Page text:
- Discussion of Freedom-To-Work Legislation
- December 18, 2012 | Authors: Michael R. Blum; Ray H. Littleton; Frank T. Mamat
- Law Firm: Foster, Swift, Collins & Smith, P.C. - Farmington Hills Office
On Tuesday night, Governor Snyder signed House Bill 4003 and Senate Bill 116, making Michigan the 24th state to enact "freedom-to-work"/ “right-to-work” laws.1 House Bill 4003 applies to the public sector and Senate Bill 116 applies to the private sector. In short, this legislation will prohibit an individual from being required as a condition of obtaining or continuing employment to do any of the following:
Refrain or resign from membership in, voluntary affiliation with, or voluntary financial support of a labor organization.
Become or remain a member of a labor organization.
Pay any dues, fees, assessments, or other charges or expenses of any kind or amount or provide anything of value to a labor organization.
Pay to any charitable organization or third party an amount that was in lieu of, equivalent to, or any portion of dues, fees, assessments, or other charges or expenses required of members of or employees represented by a labor organization.
In addition, any agreement, contract, understanding, or practice between or involving an employer and a labor organization that violates this prohibition will be unlawful and unenforceable. However, police and firefighters are exempt from Michigan’s Freedom-to-Work laws because of the unique nature of their jobs and other Michigan laws applicable to their collective bargaining rights.
The State of Michigan has the authority to implement these Freedom-to-Work/Right-to-Work laws under Section 14(b) of the National Labor Relations Act (NLRA), which allows the State to enact laws prohibiting union security clauses in union contracts. Section 14(b) provides, “Nothing in this Act shall be construed as authorizing the execution or application of agreements requiring membership in a labor organization as a condition of employment in any State or Territory in which such execution or application is prohibited by State or Territorial law.” A “union security clause” is a provision in a collective bargaining agreement that requires an employee to either become a member of the union or pay at least union “agency fees” (union dues minus deductions for union political expenditures, lobbying, public relations and organizing efforts) in order to remain employed.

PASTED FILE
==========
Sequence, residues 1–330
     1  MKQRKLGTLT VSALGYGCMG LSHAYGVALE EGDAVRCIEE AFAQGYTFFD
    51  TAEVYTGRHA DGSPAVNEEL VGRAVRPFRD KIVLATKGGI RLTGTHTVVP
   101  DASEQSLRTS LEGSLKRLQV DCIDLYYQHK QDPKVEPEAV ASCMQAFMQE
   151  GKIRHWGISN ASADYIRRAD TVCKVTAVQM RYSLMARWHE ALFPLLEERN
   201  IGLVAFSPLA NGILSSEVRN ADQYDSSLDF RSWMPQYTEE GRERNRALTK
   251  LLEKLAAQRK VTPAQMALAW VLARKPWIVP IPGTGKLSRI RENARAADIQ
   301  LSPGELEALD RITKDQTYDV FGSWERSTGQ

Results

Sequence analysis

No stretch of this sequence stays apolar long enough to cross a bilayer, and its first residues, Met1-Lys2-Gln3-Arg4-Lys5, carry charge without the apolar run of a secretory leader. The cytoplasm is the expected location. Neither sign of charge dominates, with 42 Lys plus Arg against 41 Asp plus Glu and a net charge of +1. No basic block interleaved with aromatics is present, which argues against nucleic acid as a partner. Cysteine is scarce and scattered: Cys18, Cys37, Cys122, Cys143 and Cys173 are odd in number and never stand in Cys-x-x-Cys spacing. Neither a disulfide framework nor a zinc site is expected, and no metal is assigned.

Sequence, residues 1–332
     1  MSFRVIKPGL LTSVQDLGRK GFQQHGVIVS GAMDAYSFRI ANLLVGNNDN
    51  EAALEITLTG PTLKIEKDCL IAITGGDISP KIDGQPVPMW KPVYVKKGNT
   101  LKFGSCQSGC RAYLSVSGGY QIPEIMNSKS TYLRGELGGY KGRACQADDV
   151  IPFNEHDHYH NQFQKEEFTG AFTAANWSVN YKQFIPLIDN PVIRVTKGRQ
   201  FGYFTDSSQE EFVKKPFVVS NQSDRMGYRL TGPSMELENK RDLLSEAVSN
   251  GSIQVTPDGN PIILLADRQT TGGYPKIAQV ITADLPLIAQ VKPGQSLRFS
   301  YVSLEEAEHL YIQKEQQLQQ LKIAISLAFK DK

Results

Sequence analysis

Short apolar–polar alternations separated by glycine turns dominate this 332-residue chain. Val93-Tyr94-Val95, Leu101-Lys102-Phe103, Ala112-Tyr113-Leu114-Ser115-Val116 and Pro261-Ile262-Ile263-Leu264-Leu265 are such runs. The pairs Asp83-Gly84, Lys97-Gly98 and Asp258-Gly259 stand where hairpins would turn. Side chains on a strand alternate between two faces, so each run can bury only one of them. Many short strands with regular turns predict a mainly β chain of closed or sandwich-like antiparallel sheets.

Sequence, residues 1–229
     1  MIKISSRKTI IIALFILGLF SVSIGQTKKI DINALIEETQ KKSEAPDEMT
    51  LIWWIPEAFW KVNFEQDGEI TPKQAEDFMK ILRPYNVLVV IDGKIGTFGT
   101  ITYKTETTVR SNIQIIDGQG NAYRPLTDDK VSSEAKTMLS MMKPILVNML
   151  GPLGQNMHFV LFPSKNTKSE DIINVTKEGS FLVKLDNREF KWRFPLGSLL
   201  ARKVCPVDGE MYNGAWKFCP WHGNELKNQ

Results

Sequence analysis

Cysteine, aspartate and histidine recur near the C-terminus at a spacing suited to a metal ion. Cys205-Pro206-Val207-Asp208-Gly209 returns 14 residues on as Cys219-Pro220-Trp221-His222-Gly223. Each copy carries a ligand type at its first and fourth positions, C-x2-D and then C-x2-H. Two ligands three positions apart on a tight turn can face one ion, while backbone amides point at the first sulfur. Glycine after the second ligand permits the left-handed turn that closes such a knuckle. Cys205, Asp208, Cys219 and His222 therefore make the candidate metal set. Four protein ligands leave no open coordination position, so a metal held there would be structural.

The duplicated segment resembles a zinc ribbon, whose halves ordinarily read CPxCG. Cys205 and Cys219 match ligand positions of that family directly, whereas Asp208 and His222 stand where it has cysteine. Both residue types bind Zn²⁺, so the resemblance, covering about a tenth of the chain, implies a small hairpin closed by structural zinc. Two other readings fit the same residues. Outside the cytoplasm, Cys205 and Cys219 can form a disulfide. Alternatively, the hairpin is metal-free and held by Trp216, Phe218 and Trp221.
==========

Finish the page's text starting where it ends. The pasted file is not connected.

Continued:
Michigan’s Freedom-to-Work laws will apply to collective bargaining agreements that become effective or are extended or renewed after the scheduled effective date of March 16, 2013. So what does this mean for currently unionized employees in Michigan?
Currently, employees already have the right to “resign” from their union or not join their union. In other words, an employee cannot be compelled to become a member of a union. Nonetheless, the union is still required to represent all employees in the bargaining unit regardless of union membership and those who choose not to remain union members will nevertheless still be fully covered by any collective bargaining agreement negotiated between an employer and the union. Moreover, any benefits that are provided by an employer pursuant to the collective bargaining agreement (e.g., wages, seniority, vacations, pensions, health insurance) will not affected by an employee’s non-membership.2 However, if an employee is not a member, the employee will not be able to participate in union elections or meetings, vote in collective bargaining ratification elections, or participate in other "internal" union activities.
Most importantly, until the Freedom-to-Work/ Right-to-Work legislation takes effect on March 16, 2013, Michigan non-member employees will still be subject to “union” dues or an “agency fee” in lieu of full dues assessed to union members. After March 16, 2013, however, Michigan employees, who do not work on certain federal property, will have the right to refrain from becoming a union member and will not be required to pay dues or an agency fee to the union unless the employee choses to join the union.
1Twenty-three states currently have Right to Work legislation, including: Alabama, Arizona, Arkansas, Florida, Georgia, Idaho, Indiana, Iowa, Kansas, Louisiana, Mississippi, Nebraska, North Carolina, North Dakota, Oklahoma, South Carolina, South Dakota, Tennessee, Texas, Utah, Virginia and Wyoming.
2If the union offers some "members-only" benefits, a non-member might be excluded from receiving those.